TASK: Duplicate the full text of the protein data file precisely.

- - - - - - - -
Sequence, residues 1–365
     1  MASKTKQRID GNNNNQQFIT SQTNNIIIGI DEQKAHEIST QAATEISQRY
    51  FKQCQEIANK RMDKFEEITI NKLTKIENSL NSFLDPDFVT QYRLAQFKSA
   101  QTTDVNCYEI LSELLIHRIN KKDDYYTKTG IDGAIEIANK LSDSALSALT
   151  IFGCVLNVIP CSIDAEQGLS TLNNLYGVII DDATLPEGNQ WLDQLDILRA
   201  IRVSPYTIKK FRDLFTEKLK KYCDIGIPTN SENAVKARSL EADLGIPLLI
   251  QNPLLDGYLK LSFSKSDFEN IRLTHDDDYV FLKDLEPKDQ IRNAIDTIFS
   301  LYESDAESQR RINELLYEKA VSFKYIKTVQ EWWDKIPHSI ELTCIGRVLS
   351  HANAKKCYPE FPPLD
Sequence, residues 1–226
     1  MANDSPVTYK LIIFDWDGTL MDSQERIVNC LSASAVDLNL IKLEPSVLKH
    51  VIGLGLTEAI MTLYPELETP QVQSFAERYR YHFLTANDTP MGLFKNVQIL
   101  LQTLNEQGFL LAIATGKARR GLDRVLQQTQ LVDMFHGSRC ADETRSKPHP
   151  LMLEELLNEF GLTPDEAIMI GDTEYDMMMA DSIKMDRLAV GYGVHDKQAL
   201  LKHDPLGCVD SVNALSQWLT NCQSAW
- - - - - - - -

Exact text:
Sequence, residues 1–365
     1  MASKTKQRID GNNNNQQFIT SQTNNIIIGI DEQKAHEIST QAATEISQRY
    51  FKQCQEIANK RMDKFEEITI NKLTKIENSL NSFLDPDFVT QYRLAQFKSA
   101  QTTDVNCYEI LSELLIHRIN KKDDYYTKTG IDGAIEIANK LSDSALSALT
   151  IFGCVLNVIP CSIDAEQGLS TLNNLYGVII DDATLPEGNQ WLDQLDILRA
   201  IRVSPYTIKK FRDLFTEKLK KYCDIGIPTN SENAVKARSL EADLGIPLLI
   251  QNPLLDGYLK LSFSKSDFEN IRLTHDDDYV FLKDLEPKDQ IRNAIDTIFS
   301  LYESDAESQR RINELLYEKA VSFKYIKTVQ EWWDKIPHSI ELTCIGRVLS
   351  HANAKKCYPE FPPLD
Sequence, residues 1–226
     1  MANDSPVTYK LIIFDWDGTL MDSQERIVNC LSASAVDLNL IKLEPSVLKH
    51  VIGLGLTEAI MTLYPELETP QVQSFAERYR YHFLTANDTP MGLFKNVQIL
   101  LQTLNEQGFL LAIATGKARR GLDRVLQQTQ LVDMFHGSRC ADETRSKPHP
   151  LMLEELLNEF GLTPDEAIMI GDTEYDMMMA DSIKMDRLAV GYGVHDKQAL
   201  LKHDPLGCVD SVNALSQWLT NCQSAW